Christian PilgrimagePilgrimages in LithuaniaJohn Paul II and Lithuania

The very best of Samogitia.
Bishop Motiejus Valančius
Augenijaus Ambrozo fotografija
Piligrimų kelias
Šiaulių katedra


The dates usually given for the construction of the current brick building are 1595-1625, although new studies show it may have been completed somewhat later. It replaced a small, traditional-style wooden church built in 1445. The church has suffered repeatedly amid the tumults of history, including devastation by Swedish invaders in 1656 and damages during the Great Northern War of 1700–1721. Preparations for the church’s third centenary included the reconstruction in 1924 of the lateral chapels that lacked harmony with the original renaissance tone and the straightforward cruciform floor plan.
The church especially suffered in July 1944 at the hands of retreating German soldiers. Fire destroyed the wooden parts of the structure as well as the artwork, altars, organ, furniture and balcony, and the invaluable church archive. The damaged side gables broke away from the roof and collapsed, breaking the arches of the transept. Meanwhile the floor caved in, exposing the cellar.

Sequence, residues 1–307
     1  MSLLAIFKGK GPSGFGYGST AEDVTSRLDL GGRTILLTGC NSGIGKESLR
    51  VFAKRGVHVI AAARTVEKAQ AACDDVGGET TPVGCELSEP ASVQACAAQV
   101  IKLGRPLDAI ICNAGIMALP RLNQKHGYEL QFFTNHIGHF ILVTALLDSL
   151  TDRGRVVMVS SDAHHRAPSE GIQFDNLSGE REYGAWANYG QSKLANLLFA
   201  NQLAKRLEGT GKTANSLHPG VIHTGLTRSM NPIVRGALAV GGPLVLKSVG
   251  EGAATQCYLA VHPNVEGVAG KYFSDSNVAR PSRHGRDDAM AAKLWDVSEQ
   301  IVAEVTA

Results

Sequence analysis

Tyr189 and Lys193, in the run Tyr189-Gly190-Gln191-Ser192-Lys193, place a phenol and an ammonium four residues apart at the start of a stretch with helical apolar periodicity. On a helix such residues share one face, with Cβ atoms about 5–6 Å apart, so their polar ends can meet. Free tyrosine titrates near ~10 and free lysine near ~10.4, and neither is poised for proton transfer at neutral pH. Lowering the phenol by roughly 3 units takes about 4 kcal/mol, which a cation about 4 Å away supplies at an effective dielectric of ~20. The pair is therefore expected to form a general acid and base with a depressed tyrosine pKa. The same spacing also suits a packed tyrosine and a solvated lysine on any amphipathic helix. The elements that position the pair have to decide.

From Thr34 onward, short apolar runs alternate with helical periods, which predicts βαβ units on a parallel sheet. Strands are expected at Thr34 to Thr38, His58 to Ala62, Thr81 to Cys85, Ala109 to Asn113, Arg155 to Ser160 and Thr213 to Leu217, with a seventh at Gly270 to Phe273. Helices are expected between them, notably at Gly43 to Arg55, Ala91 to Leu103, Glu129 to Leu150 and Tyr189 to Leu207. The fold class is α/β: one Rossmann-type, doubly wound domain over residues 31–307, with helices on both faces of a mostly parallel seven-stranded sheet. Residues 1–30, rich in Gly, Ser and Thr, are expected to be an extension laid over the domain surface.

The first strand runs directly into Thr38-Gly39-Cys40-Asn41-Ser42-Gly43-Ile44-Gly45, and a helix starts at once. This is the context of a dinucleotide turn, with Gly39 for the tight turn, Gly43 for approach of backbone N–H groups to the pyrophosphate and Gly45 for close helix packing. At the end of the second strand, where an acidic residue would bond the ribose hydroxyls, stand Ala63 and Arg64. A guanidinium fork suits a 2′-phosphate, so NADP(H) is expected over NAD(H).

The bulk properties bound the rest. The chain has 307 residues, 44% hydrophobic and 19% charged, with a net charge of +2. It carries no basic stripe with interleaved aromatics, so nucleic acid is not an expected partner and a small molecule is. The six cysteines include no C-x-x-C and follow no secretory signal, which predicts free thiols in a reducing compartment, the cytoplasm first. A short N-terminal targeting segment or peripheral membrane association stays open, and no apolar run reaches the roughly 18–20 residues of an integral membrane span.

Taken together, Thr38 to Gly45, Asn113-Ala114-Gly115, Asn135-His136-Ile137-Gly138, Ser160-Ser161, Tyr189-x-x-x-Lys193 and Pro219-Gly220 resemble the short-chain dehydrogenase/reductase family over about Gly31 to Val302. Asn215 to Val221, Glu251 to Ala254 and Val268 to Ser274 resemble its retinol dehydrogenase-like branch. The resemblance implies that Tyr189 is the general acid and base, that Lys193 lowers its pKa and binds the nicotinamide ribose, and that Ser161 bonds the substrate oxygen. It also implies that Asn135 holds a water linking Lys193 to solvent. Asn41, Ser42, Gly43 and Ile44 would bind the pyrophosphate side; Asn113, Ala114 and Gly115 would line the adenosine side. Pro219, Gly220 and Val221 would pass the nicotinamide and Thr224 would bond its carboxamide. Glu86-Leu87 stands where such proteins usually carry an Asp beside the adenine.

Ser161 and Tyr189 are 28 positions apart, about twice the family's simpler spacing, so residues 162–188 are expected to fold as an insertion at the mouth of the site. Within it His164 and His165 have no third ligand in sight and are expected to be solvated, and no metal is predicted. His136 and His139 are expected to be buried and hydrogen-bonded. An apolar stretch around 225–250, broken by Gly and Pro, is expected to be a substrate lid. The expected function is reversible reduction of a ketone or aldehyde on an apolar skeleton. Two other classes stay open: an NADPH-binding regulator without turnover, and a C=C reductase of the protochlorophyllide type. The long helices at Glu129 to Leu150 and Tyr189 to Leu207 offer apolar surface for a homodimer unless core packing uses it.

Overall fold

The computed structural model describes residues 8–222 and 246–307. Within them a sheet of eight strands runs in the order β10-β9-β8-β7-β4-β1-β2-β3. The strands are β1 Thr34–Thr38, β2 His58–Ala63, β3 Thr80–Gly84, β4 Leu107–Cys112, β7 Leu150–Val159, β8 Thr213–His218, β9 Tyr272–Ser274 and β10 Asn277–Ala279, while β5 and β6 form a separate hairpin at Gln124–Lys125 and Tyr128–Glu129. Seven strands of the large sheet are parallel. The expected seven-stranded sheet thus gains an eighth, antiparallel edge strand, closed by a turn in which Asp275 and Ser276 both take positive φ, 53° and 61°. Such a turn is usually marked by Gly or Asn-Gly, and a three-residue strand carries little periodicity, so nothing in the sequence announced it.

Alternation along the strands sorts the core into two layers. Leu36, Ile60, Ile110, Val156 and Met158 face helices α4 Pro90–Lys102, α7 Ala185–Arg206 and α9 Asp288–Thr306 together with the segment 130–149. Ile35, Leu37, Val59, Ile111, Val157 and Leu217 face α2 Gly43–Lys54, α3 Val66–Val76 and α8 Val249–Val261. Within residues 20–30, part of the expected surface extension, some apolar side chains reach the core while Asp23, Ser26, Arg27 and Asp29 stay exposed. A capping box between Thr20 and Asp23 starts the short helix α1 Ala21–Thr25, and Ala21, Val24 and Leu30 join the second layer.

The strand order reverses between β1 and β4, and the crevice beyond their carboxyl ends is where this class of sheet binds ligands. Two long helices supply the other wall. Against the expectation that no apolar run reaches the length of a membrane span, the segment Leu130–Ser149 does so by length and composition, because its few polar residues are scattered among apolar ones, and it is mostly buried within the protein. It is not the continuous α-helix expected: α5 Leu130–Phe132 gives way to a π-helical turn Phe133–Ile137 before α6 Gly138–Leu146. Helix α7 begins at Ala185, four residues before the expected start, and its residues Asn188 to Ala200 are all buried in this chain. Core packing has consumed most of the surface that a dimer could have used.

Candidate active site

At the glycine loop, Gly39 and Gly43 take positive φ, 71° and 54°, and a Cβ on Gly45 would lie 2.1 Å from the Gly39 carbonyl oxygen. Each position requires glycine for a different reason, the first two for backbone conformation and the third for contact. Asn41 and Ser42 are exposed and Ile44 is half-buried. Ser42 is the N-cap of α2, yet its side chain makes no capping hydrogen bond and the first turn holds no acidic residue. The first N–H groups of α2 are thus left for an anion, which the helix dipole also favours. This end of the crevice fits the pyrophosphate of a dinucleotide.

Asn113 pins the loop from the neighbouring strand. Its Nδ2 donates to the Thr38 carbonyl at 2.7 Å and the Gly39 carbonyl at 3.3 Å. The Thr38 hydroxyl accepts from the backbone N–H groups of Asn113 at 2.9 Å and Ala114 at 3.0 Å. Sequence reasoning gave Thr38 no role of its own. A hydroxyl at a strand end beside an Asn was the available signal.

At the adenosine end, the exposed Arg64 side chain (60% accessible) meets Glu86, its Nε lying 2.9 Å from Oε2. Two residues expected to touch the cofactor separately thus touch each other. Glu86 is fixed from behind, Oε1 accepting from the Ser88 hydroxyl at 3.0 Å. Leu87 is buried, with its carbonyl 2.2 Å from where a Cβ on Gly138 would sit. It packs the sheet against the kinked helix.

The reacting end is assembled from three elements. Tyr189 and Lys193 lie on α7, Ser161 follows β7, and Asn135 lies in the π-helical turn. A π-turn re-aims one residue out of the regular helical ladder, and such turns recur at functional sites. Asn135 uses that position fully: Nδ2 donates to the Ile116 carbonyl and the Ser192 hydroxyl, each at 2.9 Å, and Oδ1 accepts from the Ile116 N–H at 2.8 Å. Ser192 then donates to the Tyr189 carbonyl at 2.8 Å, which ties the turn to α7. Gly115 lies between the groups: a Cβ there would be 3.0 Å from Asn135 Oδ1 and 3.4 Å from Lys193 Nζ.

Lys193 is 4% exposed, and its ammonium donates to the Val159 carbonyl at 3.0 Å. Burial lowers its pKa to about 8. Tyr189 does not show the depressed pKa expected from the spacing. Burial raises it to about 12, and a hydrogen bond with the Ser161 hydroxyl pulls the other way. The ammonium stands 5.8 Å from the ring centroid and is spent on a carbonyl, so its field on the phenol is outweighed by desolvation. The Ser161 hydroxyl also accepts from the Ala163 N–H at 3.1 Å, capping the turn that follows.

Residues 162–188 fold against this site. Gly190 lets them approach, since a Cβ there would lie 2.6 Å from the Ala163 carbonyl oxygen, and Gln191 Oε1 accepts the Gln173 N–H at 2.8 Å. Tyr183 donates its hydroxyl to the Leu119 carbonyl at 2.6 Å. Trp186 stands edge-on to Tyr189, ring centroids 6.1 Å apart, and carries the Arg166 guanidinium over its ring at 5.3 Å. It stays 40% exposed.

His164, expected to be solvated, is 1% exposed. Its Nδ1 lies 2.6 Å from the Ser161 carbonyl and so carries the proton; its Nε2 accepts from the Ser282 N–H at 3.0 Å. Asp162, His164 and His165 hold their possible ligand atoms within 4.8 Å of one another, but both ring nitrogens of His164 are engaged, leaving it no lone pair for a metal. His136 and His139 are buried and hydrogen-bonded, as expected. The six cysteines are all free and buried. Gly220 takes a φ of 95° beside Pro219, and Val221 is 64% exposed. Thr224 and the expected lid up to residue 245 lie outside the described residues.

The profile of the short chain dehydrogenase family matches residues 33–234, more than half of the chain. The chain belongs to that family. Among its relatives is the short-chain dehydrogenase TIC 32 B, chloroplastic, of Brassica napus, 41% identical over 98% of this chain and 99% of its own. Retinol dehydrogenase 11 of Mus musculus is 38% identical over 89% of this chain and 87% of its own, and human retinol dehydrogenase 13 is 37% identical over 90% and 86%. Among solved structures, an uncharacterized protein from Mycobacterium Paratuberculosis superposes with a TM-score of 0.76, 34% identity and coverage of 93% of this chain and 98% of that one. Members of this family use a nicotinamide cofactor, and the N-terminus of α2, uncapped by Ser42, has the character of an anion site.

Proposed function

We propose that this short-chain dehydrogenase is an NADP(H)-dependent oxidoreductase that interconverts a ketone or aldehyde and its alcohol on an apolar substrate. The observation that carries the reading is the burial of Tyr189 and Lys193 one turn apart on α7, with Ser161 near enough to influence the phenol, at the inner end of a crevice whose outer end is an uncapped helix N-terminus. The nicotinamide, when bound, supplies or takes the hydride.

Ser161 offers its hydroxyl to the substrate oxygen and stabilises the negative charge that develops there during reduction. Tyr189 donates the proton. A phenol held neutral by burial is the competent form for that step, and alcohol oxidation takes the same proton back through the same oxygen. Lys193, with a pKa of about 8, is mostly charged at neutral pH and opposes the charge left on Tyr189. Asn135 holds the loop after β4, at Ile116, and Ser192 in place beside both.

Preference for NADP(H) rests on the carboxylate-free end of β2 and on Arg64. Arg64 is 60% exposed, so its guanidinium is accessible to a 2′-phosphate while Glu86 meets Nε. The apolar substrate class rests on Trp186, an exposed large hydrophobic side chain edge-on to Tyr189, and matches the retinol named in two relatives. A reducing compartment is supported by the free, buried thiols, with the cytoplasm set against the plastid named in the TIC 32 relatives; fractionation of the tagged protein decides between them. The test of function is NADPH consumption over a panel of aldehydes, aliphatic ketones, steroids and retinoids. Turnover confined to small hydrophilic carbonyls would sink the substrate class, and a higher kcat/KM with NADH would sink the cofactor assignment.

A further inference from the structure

Reconstruction after the war proved a lengthy process. The main structural repairs were completed in 1956. Then work began to decorate and furnish the interior, renovate specific sections of the building and put the environs in order. 1974 and 1975 brought the installation of a new main altar and two side altars with a restrained neo-baroque style. Full refurbishment of the sanctuary took until 1986.

Pope John Paul II granted the church the title of Cathedral when he created the Šiauliai diocese in 1997.